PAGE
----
Note to news directors and editors:
To arrange interviews with CSULA Professors Diane Haager and
A.Dee Williams regarding the L.A. Urban Teacher Residency Program,
please contact the CSULA Public Affairs office at (323) 343-3050.
Also, you are invited to check back next summer when the five-year
program begins in earnest and/or next fall when the first
resident-teachers begin their assignments at middle and high schools.
Note to news directors and editors:
$8.8 million for Cal State L.A. and partners
to launch L.A. Urban Teacher Residency Program
to enhance teacher quality adapts med-school model
to train 250
new teachers and boost LAUSD student academic achievement
Los Angeles, CA –
Adapting a medical-school model and propelled by a new five-year $8.8
million grant from the U.S. Department of Education (USDOE),
California State University, Los Angeles will launch the L.A. Urban Teacher Residency Program to strengthen both teacher
preparation and student academic achievement.
Through a 15-month graduate-level program, students seeking to become
teachers will spend a full school year as resident-teachers in
classrooms at middle and high schools in the Los Angeles Unified School
District (LAUSD), working with outstanding mentor teachers. The
residents’ program will also include advanced coursework, projects, and
extensive support. While in the classroom, the resident-teachers will
receive a $21,000 stipend.
The goal is to prepare individuals to enter high-need Los Angeles public
schools ready to teach math, science and special education. Upon
completion of the residency program, participants will be strongly
encouraged to teach for at least three years in the LAUSD.
The residency program will align with California state standards for
teacher certification and induction—and with the University’s
requirements for a master’s degree in education. Thus, upon completion
of the program, participants will earn both a teaching credential and a
Funded through the federal Teacher Quality Partnership (TQP) initiative,
the project is administered by Cal State L.A.’s Charter College of
Education. Other partners in the L.A. Urban Teacher Residency Program
include the College of Natural and Social Sciences at Cal State L.A.;
LAUSD; the Center for Collaborative Education; the Mayor’s Partnership
for Los Angeles Schools; three community organizations—Families In
Schools, Alliance for a Better Community, and Central American Resource
Center; the Los Angeles Pilot Schools Network; United Teachers Los
Angeles; and WestEd Research.
The program includes rigorous candidate selection and a commitment to
recruit from diverse populations. Participants will already have
bachelor’s degrees in the disciplines they plan to teach. Beginning with
a first-year cohort of 25 teacher-residents and growing to a fifth-year
cohort of 75, the program will cumulatively enroll 250 as it seeks to
expand and improve a permanent pipeline of innovative, effective new
teachers for the LAUSD.
The program begins officially in June 2010 when its first students
participate in an intensive summer session at Cal State L.A. before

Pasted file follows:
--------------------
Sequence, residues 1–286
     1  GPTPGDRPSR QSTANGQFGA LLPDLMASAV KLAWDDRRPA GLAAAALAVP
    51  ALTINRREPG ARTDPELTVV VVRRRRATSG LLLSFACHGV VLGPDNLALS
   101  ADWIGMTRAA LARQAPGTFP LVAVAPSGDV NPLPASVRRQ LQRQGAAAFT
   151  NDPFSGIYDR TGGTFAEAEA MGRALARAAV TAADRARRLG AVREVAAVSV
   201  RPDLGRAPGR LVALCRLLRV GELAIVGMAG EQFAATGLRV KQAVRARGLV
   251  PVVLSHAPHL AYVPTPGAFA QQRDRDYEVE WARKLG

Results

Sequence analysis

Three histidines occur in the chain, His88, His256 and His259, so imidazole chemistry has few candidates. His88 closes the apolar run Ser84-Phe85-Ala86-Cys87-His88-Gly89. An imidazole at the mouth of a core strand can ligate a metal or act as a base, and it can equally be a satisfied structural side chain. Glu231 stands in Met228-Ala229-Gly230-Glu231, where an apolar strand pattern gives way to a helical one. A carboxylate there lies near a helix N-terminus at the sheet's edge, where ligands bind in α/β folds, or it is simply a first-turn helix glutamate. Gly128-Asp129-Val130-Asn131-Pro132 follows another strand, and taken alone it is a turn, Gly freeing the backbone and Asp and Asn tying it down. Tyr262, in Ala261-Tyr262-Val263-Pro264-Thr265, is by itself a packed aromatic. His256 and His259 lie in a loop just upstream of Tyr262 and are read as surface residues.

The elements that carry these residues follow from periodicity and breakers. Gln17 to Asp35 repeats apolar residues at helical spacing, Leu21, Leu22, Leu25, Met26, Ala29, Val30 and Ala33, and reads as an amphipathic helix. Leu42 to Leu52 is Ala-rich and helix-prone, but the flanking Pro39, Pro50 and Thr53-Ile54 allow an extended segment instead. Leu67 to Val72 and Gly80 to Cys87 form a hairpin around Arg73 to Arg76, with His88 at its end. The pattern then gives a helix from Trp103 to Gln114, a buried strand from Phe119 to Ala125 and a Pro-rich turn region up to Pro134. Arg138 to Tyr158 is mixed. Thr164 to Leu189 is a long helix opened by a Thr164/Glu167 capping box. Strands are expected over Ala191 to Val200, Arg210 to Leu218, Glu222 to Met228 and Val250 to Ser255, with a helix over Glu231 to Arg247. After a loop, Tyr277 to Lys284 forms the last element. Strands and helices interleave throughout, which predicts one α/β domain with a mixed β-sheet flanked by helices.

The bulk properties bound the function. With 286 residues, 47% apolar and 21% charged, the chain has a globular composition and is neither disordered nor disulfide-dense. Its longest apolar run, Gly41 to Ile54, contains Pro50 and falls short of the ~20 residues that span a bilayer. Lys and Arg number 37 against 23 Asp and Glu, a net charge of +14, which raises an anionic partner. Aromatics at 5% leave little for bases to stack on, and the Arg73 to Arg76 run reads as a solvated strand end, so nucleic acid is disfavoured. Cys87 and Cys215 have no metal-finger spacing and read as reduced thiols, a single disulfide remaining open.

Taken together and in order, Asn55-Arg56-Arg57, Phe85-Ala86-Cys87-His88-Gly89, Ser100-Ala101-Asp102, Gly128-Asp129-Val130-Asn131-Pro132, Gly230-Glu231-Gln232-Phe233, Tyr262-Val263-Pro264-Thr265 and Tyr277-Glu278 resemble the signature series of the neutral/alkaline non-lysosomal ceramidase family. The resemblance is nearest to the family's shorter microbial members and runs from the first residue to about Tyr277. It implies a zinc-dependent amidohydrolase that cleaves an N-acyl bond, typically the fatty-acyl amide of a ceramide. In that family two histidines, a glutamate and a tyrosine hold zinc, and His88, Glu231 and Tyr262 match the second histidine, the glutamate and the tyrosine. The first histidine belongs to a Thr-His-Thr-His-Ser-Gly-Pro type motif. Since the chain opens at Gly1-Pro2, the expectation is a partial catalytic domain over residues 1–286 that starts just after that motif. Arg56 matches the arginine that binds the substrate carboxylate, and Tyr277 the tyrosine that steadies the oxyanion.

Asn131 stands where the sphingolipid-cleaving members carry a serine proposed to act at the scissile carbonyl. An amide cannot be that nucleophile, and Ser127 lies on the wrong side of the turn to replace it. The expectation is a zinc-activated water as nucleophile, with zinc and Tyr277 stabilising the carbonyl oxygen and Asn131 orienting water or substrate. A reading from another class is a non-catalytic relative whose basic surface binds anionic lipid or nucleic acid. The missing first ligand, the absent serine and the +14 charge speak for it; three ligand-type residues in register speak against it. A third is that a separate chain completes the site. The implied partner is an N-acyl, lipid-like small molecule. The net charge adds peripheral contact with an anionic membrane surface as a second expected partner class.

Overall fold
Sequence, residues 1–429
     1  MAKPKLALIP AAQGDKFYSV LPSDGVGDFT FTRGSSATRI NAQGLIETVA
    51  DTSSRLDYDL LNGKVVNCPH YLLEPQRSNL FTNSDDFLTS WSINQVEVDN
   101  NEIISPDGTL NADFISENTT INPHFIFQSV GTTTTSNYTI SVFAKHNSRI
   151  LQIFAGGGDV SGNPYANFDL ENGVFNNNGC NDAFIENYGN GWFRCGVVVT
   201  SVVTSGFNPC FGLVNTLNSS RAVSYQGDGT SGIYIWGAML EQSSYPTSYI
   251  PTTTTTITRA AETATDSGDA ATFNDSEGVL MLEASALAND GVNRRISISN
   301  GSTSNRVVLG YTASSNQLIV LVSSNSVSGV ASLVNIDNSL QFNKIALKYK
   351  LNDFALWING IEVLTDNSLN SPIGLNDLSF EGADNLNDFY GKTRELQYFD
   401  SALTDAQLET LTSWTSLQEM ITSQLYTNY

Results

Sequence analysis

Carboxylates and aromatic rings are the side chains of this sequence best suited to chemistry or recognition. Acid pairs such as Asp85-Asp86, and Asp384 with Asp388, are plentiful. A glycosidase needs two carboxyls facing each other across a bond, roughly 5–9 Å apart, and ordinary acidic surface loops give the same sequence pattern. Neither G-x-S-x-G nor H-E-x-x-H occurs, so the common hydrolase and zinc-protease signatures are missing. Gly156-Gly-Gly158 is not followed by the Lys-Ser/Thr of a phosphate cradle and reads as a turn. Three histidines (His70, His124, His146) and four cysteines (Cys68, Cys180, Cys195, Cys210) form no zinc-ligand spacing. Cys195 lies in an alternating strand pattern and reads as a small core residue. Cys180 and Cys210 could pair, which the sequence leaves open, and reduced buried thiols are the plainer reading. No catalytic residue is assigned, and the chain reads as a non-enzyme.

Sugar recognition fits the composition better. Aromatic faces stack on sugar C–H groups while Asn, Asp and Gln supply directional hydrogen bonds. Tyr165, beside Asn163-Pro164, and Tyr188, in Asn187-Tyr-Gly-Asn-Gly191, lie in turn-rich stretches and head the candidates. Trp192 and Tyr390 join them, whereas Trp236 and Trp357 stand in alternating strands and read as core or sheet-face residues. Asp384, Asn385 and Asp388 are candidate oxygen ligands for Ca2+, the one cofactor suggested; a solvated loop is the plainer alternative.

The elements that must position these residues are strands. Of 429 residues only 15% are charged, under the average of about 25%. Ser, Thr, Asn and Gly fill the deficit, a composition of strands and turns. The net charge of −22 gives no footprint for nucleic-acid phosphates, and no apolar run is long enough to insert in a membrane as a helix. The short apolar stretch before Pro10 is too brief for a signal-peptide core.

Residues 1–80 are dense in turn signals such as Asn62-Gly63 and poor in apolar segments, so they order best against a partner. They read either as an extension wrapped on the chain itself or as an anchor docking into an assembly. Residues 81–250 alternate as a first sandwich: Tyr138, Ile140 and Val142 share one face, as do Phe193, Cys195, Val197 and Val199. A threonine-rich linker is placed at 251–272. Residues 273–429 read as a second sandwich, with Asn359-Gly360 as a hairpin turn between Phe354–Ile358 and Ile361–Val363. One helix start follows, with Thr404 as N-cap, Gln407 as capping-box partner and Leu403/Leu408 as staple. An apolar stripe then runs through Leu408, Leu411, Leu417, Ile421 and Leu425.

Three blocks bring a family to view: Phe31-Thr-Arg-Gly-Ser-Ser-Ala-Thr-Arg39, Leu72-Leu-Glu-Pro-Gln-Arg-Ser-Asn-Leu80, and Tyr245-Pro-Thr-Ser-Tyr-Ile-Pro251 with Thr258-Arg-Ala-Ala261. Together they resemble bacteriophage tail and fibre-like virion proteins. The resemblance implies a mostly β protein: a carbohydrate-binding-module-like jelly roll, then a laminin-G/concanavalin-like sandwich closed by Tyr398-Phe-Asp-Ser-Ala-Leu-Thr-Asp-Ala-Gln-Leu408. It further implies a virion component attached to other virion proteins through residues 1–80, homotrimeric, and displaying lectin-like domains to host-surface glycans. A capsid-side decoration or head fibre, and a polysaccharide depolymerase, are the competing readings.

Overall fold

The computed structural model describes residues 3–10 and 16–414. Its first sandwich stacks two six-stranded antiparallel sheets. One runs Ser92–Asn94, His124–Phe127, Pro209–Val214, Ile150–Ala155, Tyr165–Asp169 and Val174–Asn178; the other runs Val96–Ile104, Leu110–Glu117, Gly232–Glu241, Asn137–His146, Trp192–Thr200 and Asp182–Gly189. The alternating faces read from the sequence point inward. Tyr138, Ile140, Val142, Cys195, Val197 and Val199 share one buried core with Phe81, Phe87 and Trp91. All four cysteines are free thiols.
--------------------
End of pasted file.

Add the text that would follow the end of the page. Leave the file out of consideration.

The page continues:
diving into their year-long residency in the classroom in fall 2010.
Diane Haager, professor of special education and counseling, is the
principal investigator for the grant. A.Dee Williams, professor of
curriculum and instructions, is its curriculum director. Other Cal state
L.A. faculty will be involved in curriculum development, supervision in
schools, and instruction of classes.
Program officials said the effort is directly influenced by the model of
residencies in medical training. It is widely accepted, they said, that
students–including future teachers—learn best when applying their
learning in practical and tangible ways instead of merely hypothesizing
about ways to apply it; and research shows that teacher quality is the
key factor in improving student achievement.
According to Haager, “This brings the Charter College of Education into
a significant partnership with schools and community agencies that will
help us to prepare teachers who are truly ready to promote equity and
social justice in urban schools. Teacher candidates in this program
will get full-time, hands-on classroom experience coupled with rigorous
coursework. It will be a great opportunity for them to work full-time
with mentor teachers in reform-minded, successful urban schools.”
Williams said, “This grant is an opportunity for the entire community of
Los Angeles to examine, evaluate and eventually redefine quality
teaching and quality teacher training. We have a very strong group of
partners that includes local educators and community groups. Together we
will be able to provide schoolchildren in Los Angeles consistently
high-quality teachers who will be prepared to learn, live within, and
embrace the unique challenges of our local community.”
According to the U.S. Secretary of Education Arne Duncan, “The Obama
Administration is committed to giving teachers the support they need to
succeed in the classroom. The Teacher Quality Partnership grants will
improve student academic achievement by strengthening teacher
preparation, training and effectiveness and help school districts
attract potential educators from a wide-range of professional
backgrounds into the teaching profession.”
Cal State L.A. was one of only five TQP grantees selected from a pool of
17 California applicants. Three of the four other successful proposals
came from California State University campuses—Chico; Dominguez Hills;
and a joint effort by Bakersfield, Monterey Bay and San Luis Obispo.
Nationally, only 28 of 172 proposals were funded.
For the CSU press release on the USDOE grant, go to
For more on the CSU Teacher Education and Public School Program, go to
For the U.S. Department of Education press release, go to
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